“We think we know what a robot is. We think we know what a living thing is. But for all these things in biology, there are all these in-between cases,” Dr. Levin says. “What this project really pushes the field to do is to think about better definitions for all these terms.”
It’s easy to say whether most things we see are alive or not. Everyone would look at a fox or a tree, for example, and agree that it’s living. But determining a precise definition of what it means to be alive is a bit fuzzier. And if something is considered to be living, is it necessarily an organism?
“In this case, with the xenobots, the curious thing is that they are a bunch of frog cells stitched together,” says Dr. Coghlan. “You could say those individual cells are living – they’re frog cells, we’d categorize them as life, in a sense – but they’re stitched together to form these new kinds of small, one-millimeter-sized bodies.”
They behave in some ways biologists would use to describe an organism – they can move around and perform certain actions – but are lacking some other characteristics often cited. They also have not shown the ability to reproduce, or to find food in their environment or make energy to sustain themselves in any other way.
Something can be considered an organism and not receive much moral consideration from humans, however. The welfare of plants or bacteria, for example, doesn’t typically get much attention. But animals usually do.
The xenobot experiment was reviewed by an ethics committee, Dr. Levin says, as any research using frog embryos would be. “They ask questions like, what kind of experience is this creature likely to be capable of, and what are you doing to it, and is it worth the benefits to society for whatever that is?”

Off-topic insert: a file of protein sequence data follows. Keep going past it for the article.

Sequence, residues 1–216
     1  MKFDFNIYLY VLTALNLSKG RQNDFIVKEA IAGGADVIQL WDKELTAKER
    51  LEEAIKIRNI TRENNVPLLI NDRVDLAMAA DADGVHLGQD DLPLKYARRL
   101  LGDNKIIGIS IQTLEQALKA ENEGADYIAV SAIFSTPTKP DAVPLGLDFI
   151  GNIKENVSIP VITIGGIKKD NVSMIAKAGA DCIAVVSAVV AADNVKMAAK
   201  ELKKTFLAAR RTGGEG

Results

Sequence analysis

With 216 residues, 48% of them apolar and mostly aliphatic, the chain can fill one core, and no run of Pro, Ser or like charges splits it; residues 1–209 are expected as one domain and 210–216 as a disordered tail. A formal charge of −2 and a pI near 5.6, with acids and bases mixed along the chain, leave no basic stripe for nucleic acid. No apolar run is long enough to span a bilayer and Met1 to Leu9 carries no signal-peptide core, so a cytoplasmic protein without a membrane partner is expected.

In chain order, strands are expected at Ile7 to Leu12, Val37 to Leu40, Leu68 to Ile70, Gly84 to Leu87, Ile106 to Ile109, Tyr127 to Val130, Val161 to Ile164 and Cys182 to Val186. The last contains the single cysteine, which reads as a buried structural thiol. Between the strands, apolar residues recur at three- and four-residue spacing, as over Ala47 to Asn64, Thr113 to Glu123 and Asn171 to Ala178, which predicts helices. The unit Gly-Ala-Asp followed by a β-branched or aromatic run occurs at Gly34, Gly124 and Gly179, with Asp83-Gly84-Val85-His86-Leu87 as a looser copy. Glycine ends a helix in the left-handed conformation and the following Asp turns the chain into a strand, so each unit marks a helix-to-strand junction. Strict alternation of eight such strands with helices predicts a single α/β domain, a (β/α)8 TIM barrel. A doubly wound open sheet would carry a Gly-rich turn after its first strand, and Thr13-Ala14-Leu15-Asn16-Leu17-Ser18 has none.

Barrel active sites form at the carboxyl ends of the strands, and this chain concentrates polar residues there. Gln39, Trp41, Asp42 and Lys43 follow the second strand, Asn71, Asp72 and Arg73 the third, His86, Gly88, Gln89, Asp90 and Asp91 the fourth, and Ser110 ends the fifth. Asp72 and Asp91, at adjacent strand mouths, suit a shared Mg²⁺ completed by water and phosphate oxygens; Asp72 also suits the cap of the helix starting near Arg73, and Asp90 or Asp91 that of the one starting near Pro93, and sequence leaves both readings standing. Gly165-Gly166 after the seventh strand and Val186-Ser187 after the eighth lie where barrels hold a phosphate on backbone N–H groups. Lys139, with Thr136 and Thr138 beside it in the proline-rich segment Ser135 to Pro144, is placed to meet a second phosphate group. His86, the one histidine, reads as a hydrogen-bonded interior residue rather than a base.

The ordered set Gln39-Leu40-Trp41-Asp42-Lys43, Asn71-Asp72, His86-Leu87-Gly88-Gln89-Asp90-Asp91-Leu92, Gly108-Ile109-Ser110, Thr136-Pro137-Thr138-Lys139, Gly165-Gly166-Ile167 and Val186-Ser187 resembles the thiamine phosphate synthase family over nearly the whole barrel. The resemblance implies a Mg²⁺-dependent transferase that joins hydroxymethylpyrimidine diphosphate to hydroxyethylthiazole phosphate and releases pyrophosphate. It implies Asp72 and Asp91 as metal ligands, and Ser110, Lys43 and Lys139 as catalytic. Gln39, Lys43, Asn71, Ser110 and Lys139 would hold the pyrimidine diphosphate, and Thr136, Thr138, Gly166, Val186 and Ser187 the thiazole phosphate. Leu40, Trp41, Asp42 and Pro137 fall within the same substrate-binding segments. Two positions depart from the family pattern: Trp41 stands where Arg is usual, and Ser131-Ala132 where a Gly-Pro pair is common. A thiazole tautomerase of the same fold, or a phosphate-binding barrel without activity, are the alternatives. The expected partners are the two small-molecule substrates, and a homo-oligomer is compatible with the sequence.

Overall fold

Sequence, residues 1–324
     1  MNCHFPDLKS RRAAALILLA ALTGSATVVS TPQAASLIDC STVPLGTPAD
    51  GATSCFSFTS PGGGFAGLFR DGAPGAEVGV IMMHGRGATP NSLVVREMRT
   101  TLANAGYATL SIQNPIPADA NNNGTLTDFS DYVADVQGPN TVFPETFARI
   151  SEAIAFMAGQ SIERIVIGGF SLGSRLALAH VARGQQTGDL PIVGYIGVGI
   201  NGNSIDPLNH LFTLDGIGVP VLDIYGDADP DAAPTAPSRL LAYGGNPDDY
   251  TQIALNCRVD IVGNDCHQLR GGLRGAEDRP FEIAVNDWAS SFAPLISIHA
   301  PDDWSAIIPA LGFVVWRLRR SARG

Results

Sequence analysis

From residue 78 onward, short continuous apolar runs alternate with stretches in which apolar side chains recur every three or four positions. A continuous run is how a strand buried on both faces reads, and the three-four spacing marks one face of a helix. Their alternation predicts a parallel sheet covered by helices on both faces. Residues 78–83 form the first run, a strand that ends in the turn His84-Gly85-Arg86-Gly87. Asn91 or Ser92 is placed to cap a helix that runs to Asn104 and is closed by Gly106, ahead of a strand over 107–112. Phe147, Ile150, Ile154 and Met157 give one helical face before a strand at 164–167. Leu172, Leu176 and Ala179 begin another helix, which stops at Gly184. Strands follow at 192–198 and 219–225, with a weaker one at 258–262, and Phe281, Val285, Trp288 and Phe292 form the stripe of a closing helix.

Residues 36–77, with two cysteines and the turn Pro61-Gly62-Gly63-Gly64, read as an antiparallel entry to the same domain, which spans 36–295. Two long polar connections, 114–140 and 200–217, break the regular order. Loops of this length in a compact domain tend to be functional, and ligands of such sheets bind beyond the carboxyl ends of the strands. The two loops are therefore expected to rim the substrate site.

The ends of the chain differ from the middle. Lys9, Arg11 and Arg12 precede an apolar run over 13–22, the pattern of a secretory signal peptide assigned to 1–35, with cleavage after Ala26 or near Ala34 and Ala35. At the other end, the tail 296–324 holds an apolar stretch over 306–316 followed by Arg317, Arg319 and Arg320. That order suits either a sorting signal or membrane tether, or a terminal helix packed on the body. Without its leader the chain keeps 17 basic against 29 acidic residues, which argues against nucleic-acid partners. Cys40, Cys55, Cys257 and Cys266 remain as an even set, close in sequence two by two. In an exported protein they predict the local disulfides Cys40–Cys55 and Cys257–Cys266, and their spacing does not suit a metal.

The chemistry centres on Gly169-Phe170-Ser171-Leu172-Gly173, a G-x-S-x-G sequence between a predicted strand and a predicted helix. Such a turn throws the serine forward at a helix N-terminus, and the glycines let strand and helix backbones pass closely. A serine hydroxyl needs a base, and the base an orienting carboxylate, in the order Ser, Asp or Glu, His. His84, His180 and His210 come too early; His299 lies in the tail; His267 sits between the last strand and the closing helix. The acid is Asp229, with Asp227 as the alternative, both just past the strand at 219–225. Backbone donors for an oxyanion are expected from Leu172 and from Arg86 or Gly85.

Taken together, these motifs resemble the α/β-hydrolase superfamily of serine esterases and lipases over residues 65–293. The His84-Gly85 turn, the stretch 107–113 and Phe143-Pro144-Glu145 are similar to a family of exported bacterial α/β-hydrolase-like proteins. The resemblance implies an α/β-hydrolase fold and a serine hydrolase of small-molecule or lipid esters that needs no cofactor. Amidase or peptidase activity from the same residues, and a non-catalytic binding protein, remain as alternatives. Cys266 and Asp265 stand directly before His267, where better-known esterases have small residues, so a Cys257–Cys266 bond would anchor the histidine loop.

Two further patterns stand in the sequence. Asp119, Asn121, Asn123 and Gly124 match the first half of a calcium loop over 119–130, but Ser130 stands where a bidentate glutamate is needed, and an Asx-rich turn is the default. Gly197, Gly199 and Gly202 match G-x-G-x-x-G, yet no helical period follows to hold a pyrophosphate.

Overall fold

What a life-form is likely to experience may be key to the moral question, says Dr. Coghlan. Although these xenobots are fairly simple and lack nervous systems, if future programs “could perhaps develop new kinds of organisms that are capable of feeling, or pain, or suffering, then I think that would raise more serious ethical questions.”
Hubris and unintended consequences?
The human creation of a life-form also presents a broader concern for some that scientists are perhaps being too hubristic in trying to control biology.
Creating something new from something that already exists in biology isn’t a radical concept, Dr. Coghlan points out. Humans have been domesticating animals, creating hybrids (like a mule), and selectively breeding crops for centuries. But, he says, that concern about hubris might “point to some deeper ethical or moral response to the ways in which we have this kind of power over nature.”
Those concerns extend beyond the welfare of biobots themselves to worries about the unintended, cascading consequences of altering something in nature.
“Living organisms evolve and change, and oftentimes evolve and change in ways that we don’t expect, particularly once you actually release them into the environment and they interact with other living things,” says Nita Farahany, who studies the ethical, legal, and social implications of emerging technologies at Duke University. “The implication could be quite problematic.”
Science fiction films have played out such scenarios to terrifying ends. Think about the often-quoted line from “Jurassic Park”: “life finds a way.” What if the xenobots found a way to reproduce in the wild, or bred with other organisms? Or what if their behavior could alter in a nonlaboratory environment, to detrimental effects?
The researchers are in no rush to let the xenobots out of the lab. “Let’s be super clear, okay? We’re not about to dump these in the waterways,” Dr. Levin says. “Let’s just not have any misunderstanding there.”
Rather, he and Dr. Blackiston see their biobots as a “testbed” for ethical quandaries. They’re eager to use the xenobots to study cellular function in the laboratory as a way of better understanding what consequences occur when humans manipulate nature, and how best to harness such technologies.